On the Importance of Philosophical Reasoning for Biblical Exegesis: Edward Feser and Romans 1:18-23

In my mind, the ability to engage in philosophical reasoning in order to tease out the implications of particular interpretations of the Bible and other truths is indispensable for reading the Bible and teaching it to others.


Edward Feser, in a post titled, “Repressed Knowledge of God?” comments that the common interpretation of Romans 1:18-23 is mistaken. Here is the passage in question from the ESV, I would translate it differently, but it reflects the most common interpretation:

Romans 1:18-23 For the wrath of God is revealed from heaven against all ungodliness and unrighteousness of men, who by their unrighteousness suppress the truth. (19) For what can be known about God is plain to them, because God has shown it to them. (20) For his invisible attributes, namely, his eternal power and divine nature, have been clearly perceived, ever since the creation of the world, in the things that have been made. So they are without excuse. (21) For although they knew God, they did not honor him as God or give thanks to him, but they became futile in their thinking, and their foolish hearts were darkened. (22) Claiming to be wise, they became fools, (23) and exchanged the glory of the immortal God for images resembling mortal man and birds and animals and creeping things.

The common interpretation is that the atheist is the person to whom these verses refer. This can be seen in the writings of many schools of Christian apologetics. The idea is that atheism is always a matter of intellectual dishonesty because the Bible teaches that knowledge of the God of the Bible is so obvious that it can only be suppressed by sheer force of will. Personaly, I think that some people are atheists because they accept bad arguments just like some people believe in God for silly reasons.

Without thinking about Christian theology, the psychology of all atheists, and broader philosophical conclusions, the text of Romans 1:18-23 itself militates against seeing atheists in this passage. The passage is not about people who believe in no gods, but rather those who have good reason to worship the God of the Hebrew Scriptures, but choose to worship idols.(See the footnote of this post about the passage in question for an alternative interpretation). The passage gives good insight into the results of idolatry, which is related to atheism, but it is not directly about atheism at all.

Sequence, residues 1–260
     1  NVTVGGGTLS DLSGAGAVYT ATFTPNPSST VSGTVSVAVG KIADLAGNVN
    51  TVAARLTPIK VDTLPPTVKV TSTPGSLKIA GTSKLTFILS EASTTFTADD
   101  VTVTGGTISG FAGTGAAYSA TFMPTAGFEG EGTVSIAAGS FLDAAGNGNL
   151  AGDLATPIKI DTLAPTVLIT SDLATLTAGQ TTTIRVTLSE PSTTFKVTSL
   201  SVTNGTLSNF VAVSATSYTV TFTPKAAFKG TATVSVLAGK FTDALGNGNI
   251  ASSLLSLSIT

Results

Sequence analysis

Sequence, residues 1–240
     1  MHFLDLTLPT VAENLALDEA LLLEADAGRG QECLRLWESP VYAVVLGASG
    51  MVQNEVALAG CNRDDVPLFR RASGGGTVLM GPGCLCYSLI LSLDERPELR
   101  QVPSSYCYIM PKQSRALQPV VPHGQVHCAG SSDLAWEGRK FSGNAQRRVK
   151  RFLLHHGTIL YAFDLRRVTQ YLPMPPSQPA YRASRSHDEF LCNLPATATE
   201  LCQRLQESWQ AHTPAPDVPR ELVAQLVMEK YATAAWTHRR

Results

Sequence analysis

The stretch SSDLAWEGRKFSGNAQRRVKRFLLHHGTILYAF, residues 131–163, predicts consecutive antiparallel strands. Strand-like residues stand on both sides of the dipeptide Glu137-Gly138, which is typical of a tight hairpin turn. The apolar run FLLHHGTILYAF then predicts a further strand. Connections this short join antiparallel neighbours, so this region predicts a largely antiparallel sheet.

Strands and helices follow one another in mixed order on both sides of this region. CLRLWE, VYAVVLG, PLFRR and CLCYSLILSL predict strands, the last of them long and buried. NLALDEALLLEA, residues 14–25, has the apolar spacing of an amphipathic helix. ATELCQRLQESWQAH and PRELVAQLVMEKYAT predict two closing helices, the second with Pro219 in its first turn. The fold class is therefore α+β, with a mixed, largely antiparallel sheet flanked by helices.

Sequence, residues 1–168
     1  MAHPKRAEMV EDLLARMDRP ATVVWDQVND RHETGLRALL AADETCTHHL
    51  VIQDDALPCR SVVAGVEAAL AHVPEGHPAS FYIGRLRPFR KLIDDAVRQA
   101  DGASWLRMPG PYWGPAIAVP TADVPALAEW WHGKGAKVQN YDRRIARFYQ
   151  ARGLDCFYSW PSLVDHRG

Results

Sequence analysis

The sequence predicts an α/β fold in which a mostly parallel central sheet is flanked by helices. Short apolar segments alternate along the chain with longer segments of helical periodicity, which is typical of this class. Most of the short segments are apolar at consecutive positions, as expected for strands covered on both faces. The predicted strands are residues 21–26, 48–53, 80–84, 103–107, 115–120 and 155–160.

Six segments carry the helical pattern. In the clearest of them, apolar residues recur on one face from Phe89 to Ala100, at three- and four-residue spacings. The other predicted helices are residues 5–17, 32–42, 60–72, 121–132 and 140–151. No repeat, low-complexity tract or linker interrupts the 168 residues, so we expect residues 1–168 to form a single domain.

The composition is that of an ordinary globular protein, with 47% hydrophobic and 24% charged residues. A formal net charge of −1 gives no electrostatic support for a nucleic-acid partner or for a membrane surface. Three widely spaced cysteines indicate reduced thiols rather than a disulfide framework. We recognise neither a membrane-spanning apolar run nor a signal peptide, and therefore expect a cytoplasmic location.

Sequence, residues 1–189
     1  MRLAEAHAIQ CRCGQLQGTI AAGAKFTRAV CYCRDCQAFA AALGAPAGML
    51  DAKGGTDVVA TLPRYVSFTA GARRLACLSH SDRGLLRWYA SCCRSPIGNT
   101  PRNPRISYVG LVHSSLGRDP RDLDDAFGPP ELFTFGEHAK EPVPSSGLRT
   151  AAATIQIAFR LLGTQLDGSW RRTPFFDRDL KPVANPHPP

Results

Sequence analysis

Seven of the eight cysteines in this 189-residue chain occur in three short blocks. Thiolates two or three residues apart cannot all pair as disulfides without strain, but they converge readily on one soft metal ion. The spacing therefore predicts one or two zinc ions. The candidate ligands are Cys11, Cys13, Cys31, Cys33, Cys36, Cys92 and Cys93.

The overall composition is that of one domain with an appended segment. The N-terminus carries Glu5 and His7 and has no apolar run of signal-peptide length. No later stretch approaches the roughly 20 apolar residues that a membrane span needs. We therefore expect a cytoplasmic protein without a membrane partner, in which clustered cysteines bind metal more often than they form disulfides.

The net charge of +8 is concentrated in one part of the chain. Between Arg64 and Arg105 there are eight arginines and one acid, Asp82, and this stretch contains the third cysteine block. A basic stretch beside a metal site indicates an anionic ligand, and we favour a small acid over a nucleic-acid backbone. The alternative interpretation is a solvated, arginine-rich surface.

Feser, without attempting to exegete the Bible passage in question, refutes the view that God’s existence is so obvious as to only be denied on purpose rather handily. Here is the relevant portion of his argument:

Do we have a natural tendency to believe in God? Yes, but in something like the way in which someone might have a natural aptitude for music or for art. You might be inclined to play some instrument or to draw pictures, but you’re not going to do either very well without education and sustained practice.  And without cultivating your interest in music or art, your output might remain at a very crude level, and your ability might even atrophy altogether.

Or consider moral virtue.  It is natural to us, but only in the sense that we have a natural capacity for it.  Actually to acquire the virtues still requires considerable effort.  As Aquinas writes: “[V]irtue is natural to man inchoatively…both intellectual and moral virtues are in us by way of a natural aptitude, inchoatively, but not perfectly…(Summa Theologiae I-II.63.1, emphasis added), and “man has a natural aptitude for virtue; but the perfection of virtue must be acquired by man by means of some kind of training” (Summa Theologiae I-II.95.1).

Now, knowledge of God is like this. We are indeed naturally inclined to infer from the natural order of things to the existence of some cause beyond it.  But the tendency is not a psychologically overwhelming one like our inclination to eat or to breathe is. It can be dulled.  Furthermore, the inclination is not by itself sufficient to generate a very clear conception of God.  As Aquinas writes:

To know that God exists in a general and confused way is implanted in us by nature, inasmuch as God is man’s beatitude… This, however, is not to know absolutely that God exists; just as to know that someone is approaching is not the same as to know that Peter is approaching, even though it is Peter who is approaching… (Summa Theologiae I.2.1, emphasis added)

In other words, from a philosophical point of view, to claim that God’s existence is only and ever obvious, is simply untrue. Now, that does not automatically mean that Paul doesn’t teach the falsified point of view. But for those with a conservative evangelical definition of the Bible, it means alternative interpretations should be sought.